Japan’s FSA Reportedly Honing In On Crypto ETF Decision
Japan’s Financial Services Agency (FSA), the nation’s top financial regulator, is apparently considering the greenlighting of crypto exchange-traded funds (ETFs) in the nation. The crypto ETF buzz comes after the agency effectively ruled against cryptocurrency derivatives being listed on mainstream Japanese exchanges in December 2018.
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A Crypto ETF Boom Could Be Nigh in Japan, But We’ll Have to Wait and See
Japan’s FSA is eyeing approval for crypto ETFs in the nation, an anonymous source within the agency has reportedly told Bloomberg.
The development comes after the FSA declined in Dec. 2018 to modify domestic legislation so as to allow crypto deriviatives, like futures and options products, in Japan.
An ETF, or exchange-traded fund, is a security that is used to track the value of a basket, a bond, a commodity, or a stock index and is tradeable on exchanges. ETFs are commonly cited as an avenue toward crypto adoption as such funds would allow mainstream traders to speculate on the cryptoeconomy without having to personally possess digital assets.
Japan’s overall ETF market is approximately 10-times smaller than America’s, but as the nation currently has one of the most bustling markets for cryptocurrencies, the Asian powerhouse is poised to be at the vanguard of crypto ETFs if the FSA decides it’s okay to go full-steam ahead.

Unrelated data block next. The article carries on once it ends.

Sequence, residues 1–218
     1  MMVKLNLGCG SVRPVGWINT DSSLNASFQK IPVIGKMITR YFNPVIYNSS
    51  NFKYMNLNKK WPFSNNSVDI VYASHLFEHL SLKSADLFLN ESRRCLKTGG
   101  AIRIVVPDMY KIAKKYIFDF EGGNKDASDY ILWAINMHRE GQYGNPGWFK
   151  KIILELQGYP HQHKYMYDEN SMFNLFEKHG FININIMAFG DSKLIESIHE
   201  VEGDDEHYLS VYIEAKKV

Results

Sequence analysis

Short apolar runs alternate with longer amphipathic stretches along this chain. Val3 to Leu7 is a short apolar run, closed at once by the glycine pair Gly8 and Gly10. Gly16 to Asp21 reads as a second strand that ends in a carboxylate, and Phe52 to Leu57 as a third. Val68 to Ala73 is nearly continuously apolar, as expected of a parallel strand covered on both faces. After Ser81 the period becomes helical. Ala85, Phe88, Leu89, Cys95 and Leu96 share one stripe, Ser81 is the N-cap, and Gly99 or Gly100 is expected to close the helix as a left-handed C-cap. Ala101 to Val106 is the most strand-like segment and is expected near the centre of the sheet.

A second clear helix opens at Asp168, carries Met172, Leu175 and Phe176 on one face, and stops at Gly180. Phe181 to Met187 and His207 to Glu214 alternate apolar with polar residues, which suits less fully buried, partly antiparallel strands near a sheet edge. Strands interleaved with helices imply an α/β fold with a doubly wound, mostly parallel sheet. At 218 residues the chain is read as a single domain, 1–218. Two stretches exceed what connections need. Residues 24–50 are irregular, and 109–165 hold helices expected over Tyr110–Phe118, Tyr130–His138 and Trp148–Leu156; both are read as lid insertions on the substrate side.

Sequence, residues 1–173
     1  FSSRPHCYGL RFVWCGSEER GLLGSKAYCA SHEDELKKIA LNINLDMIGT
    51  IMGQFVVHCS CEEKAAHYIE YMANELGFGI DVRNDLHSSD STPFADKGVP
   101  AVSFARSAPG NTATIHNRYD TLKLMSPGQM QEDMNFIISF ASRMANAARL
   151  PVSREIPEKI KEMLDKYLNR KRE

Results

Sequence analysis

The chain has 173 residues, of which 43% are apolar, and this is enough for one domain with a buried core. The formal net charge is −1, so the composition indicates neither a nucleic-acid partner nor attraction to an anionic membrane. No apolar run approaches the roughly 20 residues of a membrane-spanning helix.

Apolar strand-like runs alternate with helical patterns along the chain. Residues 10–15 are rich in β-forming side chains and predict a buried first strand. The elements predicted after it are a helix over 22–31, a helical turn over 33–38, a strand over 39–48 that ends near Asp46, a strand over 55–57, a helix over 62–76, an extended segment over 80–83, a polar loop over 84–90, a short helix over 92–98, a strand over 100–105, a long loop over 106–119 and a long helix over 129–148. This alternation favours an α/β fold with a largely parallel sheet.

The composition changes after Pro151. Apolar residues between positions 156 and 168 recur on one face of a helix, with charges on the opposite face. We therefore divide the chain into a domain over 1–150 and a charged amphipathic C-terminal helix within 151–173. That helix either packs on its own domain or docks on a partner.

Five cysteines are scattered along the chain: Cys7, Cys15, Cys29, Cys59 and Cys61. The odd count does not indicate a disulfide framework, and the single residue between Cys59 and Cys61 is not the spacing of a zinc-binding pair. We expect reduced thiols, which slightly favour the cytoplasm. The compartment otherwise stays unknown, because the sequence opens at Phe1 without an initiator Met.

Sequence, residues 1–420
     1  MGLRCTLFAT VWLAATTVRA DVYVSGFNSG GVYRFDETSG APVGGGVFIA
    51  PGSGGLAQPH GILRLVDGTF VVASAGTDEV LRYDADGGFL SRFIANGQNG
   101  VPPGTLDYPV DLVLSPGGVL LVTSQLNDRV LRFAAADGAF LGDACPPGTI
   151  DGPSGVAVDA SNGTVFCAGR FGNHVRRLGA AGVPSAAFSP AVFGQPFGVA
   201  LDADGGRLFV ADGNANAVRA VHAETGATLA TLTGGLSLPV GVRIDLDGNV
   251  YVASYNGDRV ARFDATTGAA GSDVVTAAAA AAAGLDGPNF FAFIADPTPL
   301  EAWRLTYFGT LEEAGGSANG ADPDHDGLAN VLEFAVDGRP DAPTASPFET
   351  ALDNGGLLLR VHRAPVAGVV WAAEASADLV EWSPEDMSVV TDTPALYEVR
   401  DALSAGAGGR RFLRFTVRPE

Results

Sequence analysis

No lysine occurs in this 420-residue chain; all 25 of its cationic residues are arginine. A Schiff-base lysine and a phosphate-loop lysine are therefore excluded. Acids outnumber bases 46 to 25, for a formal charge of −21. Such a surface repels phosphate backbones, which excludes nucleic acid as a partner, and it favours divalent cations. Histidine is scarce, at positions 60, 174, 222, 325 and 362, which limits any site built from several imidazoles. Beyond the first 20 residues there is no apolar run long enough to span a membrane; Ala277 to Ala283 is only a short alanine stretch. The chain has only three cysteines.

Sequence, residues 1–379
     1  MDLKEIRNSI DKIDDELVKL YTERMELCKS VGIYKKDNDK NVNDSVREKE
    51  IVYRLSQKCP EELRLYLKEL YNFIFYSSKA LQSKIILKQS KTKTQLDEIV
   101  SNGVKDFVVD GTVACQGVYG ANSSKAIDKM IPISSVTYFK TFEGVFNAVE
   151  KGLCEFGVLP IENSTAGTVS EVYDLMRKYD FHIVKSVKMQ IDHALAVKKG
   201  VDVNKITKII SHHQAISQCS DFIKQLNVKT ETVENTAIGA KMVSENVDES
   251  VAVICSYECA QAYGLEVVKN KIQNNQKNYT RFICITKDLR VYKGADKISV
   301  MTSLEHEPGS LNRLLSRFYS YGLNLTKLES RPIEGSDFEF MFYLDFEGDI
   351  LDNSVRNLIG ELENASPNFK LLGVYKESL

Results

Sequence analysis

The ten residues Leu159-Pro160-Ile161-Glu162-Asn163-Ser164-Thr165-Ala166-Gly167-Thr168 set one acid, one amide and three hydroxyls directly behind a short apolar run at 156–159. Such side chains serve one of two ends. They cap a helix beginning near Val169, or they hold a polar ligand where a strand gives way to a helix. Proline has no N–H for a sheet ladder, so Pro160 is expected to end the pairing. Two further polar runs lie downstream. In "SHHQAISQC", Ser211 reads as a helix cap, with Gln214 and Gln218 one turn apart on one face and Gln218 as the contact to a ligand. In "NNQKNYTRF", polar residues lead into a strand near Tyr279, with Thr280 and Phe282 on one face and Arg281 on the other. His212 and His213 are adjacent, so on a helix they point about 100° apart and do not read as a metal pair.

Of course, the agency could ultimately decline to pursue such ETFs for now, but in the very least the regulator appears to be exploring the launch of these funds seriously.
Until an official decision is made by the body, however, the investment environment in Japan will stay as is. Bitsonline will continue to track the situation as it develops.
The Ever-Elusive Crypto ETF
A crypto ETF may still be a ways off in the U.S., but traction seems to be slowly accruing around the world for these types of funds.
Last fall, London-based technology company Amun launched a “crypto basket ETP,” or exchange-traded product, on the Swiss stock market, the Swiss Exchange (SIX).
“With one purchase, investors can now access 75 percent of the crypto market and the monthly rebalances ensure we capture the evolution of the asset class,” Amun CEO Hany Rashwan said at the time.
So, while America’s Securities and Exchange Commission (SEC) has shot down all crypto ETF proposals to date citing concerns of manipulation and volatility, Japan may be the first nation to follow in Switzerland’s stead in allowing the marriage of exchange-traded instruments with the realm of cryptocurrencies.
Whether these products take off in popularity in the years ahead still remains to be seen.
What’s your take? Should Americans expect a crypto ETF in the U.S.A. sooner rather than later? Or is such an ETF a pipe dream for now? Let us know in the comments section below.
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